Related collections and offers
About the Author
Read an Excerpt
Katie and the Cupcake Cure
Every time I have ever watched a movie about middle school, the main character is always freaking out before the first day of school. You know what I mean, right? If the movie’s about a guy, he’s always worried about getting stuffed into a garbage can by jocks. If it’s about a girl, she’s trying on a zillion outfits and screaming when she sees a pimple on her face. And no matter what movie it is, the main character is always obsessed with being popular.
My name is Katie Brown, and whenever I watched those movies, I just didn’t get it. I mean, how could middle school be that different from elementary school? Yeah, I knew there would be new kids from other schools, but I figured everyone from our school would stick together. We’ve all pretty much known one another since kindergarten. Sure, not everybody hangs out together, but it’s not like we put some kids on a pedestal and worship them or anything. We’re all the same. Back in third grade, we all got sick together on mystery meat loaf day. That kind of experience has to bind you for life, doesn’t it?
That’s what I thought, anyway. I didn’t spend one single second of the summer worrying about middle school. I got a really bad sunburn at the town pool, made a thousand friendship bracelets at day camp, and learned from my mom how to make a cake that looks like an American flag. I didn’t stress out about middle school at all.
Guess what? I was wrong! But you probably knew that already. Yeah, the cruel hammer of reality hit pretty hard on the very first day of school. And the worst thing was, I wasn’t even expecting it.
The morning started out normal. I put on the tie-dyed T-shirt I made at day camp, my favorite pair of jeans, and a new pair of white sneakers. Then I slipped about ten friendship bracelets on each arm, which I thought looked pretty cool. I brushed my hair, which takes about thirty seconds. My hair is brown and wavy—Mom calls it au naturel. I only worry about my hair when it starts to hang in my eyes, and then I cut it.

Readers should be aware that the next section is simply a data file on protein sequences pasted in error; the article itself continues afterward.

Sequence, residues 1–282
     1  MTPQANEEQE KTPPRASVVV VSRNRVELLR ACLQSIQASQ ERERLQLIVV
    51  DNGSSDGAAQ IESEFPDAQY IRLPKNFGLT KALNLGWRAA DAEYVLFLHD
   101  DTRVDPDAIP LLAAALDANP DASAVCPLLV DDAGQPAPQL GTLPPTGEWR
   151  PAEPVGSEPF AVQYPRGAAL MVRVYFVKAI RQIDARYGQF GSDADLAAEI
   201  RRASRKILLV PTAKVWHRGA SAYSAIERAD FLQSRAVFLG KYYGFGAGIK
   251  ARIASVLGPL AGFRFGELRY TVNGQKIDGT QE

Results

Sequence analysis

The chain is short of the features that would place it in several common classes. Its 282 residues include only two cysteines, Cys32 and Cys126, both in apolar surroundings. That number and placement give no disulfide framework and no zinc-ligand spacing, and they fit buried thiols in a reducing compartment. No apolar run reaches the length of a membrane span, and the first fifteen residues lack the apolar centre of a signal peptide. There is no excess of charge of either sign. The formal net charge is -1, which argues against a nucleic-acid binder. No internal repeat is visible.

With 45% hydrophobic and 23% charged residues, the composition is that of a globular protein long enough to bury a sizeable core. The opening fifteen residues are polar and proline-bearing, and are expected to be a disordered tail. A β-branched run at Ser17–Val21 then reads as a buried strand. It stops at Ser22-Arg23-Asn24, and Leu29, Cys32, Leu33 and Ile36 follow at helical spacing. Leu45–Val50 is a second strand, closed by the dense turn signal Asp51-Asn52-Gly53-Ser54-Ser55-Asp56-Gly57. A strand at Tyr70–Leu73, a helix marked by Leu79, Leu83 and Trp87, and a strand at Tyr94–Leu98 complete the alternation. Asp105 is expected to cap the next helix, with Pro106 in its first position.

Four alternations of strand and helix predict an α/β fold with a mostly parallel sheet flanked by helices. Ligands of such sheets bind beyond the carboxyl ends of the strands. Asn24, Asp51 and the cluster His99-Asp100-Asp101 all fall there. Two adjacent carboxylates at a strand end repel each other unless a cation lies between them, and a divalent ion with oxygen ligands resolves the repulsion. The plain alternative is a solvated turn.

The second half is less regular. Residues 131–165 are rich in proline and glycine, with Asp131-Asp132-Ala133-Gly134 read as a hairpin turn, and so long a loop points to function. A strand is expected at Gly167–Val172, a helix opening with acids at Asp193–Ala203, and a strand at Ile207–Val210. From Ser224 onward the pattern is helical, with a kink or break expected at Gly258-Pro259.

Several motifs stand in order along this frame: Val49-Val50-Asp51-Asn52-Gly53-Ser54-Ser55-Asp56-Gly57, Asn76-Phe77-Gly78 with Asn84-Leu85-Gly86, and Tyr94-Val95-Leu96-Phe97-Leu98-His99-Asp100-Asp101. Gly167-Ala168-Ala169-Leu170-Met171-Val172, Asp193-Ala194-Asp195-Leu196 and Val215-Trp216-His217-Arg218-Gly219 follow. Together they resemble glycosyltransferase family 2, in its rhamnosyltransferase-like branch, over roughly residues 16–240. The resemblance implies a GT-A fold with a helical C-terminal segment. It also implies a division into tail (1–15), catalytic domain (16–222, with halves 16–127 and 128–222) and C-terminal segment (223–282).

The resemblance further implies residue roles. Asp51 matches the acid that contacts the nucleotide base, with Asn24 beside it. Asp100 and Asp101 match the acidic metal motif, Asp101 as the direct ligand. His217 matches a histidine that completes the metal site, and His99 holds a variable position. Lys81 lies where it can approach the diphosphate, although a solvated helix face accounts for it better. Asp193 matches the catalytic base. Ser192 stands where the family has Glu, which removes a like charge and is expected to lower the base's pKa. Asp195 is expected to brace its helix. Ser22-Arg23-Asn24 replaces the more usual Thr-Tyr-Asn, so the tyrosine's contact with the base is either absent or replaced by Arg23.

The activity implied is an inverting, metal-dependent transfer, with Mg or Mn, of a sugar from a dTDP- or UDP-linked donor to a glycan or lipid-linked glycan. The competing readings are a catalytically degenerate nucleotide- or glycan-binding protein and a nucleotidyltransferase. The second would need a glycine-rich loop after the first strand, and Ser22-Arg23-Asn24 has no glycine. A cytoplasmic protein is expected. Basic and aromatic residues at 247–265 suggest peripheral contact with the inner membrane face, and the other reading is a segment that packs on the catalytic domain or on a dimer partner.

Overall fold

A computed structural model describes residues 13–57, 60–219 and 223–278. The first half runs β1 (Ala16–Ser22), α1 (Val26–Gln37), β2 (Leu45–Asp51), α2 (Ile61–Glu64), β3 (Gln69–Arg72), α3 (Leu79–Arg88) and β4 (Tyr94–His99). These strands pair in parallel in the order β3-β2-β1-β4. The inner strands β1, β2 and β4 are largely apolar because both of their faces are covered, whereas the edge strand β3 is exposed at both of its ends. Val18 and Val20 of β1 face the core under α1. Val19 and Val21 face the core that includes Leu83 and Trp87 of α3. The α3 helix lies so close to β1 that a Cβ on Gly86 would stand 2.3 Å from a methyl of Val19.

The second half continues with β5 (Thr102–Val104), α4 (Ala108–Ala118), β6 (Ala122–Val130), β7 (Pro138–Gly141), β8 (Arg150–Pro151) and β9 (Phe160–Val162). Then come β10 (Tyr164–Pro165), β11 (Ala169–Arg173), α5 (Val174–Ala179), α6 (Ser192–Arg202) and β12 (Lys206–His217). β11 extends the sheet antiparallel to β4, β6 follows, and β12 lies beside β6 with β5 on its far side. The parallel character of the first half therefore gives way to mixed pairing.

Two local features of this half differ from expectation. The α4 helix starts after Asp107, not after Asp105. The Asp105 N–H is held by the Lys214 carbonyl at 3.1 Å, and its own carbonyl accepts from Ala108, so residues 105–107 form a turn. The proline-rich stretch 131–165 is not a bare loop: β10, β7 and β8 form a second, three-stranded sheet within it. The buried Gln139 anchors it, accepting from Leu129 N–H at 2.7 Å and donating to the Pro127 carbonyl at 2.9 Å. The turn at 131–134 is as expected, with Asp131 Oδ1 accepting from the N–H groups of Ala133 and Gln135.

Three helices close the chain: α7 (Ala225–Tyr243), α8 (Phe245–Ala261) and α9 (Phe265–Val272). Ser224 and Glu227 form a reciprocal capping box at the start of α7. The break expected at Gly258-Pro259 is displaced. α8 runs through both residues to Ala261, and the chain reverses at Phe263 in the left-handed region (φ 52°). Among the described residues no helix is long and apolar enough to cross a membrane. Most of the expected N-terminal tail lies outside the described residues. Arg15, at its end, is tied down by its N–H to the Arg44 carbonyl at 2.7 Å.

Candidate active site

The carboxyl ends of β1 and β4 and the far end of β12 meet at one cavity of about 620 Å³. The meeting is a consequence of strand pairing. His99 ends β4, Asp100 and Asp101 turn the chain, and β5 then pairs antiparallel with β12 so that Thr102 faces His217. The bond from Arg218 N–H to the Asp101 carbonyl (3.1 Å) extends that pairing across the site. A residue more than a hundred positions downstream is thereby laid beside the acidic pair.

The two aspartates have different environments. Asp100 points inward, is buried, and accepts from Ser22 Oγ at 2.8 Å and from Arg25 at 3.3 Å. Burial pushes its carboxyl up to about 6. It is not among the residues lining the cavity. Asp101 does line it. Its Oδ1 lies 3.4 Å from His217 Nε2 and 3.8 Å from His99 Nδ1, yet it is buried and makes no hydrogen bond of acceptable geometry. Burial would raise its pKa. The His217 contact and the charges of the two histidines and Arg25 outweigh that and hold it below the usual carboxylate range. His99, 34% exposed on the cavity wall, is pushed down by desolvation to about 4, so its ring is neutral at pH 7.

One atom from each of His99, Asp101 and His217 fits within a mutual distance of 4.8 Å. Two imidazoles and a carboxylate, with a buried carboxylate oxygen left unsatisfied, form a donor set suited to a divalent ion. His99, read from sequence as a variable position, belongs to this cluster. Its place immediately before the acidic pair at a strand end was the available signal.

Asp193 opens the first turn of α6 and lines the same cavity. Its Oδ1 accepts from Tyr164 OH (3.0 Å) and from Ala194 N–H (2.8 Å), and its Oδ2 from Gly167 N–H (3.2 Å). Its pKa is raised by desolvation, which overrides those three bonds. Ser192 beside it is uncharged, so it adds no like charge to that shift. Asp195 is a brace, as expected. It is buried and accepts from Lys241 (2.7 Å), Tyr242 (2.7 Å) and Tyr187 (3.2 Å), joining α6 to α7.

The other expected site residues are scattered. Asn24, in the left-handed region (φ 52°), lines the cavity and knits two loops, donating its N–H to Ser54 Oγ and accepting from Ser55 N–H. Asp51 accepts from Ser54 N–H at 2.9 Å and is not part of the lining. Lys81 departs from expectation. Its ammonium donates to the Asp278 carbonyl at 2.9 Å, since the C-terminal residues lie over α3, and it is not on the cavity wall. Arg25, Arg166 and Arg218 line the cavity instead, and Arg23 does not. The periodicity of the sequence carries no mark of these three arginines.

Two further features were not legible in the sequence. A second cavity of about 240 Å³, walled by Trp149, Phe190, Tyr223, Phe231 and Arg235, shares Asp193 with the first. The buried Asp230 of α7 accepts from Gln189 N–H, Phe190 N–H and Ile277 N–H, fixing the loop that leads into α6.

When I went downstairs for breakfast, Mom was waiting for me in the kitchen.
“Happy first day of middle school, Katie!” she shouted.
Did I mention that my mom is supercorny? I think it’s because she’s a dentist. I read a survey once that said that people are afraid of dentists more than anything else, even zombies and funeral directors. (Which is totally not fair, because without dentists everybody would have rotten teeth, and without teeth you can’t eat corn on the cob, which is delicious.) But anyway, I think she tries to smile all the time and make jokes so that people will like her more. Not that she’s fake—she’s honestly pretty nice, for a mom.
“I made you a special breakfast,” Mom told me. “A banana pancake shaped like a school bus!”
The pancake sat on a big white plate. Mom had used banana slices for wheels and square pieces of cantaloupe for the windows. This might seem like a strange breakfast to you, but my mom does stuff like this all the time. She wanted to go to cooking school when she got out of high school, but her parents wanted her to be a dentist, like them. Which is unfair, except that if she didn’t go to dental school, she wouldn’t have met my dad, and I would never have been born, so I guess I can’t complain.
But anyway, in her free time she does the whole Martha Stewart thing. Not that she looks like Martha Stewart. She has brown hair like me, but hers is curly, and her favorite wardrobe items are her blue dentist coat and her apron that says #1 CHEF on the front. This morning she was wearing both.
“Thanks, Mom,” I said. I didn’t say anything about being too old for a pancake shaped like a school bus. It would have hurt her feelings. Besides, it was delicious.
She sat down in the seat next to me and sipped her coffee. “Do you have the map I printed out for you with the new bus stop location?” she asked me. She was doing that biting-her-bottom-lip thing she does when she’s worried about me, which is most of the time.
“I got it, but I don’t need it,” I replied. “It’s only four blocks away.”
Mom frowned. “Okay. But I e-mailed the map to Barbara just in case.”
Barbara is my mom’s best friend—and she’s also the mom of my own best friend, Callie. We’ve known each other since we were babies. Callie is two months older than I am, and she never lets me forget it.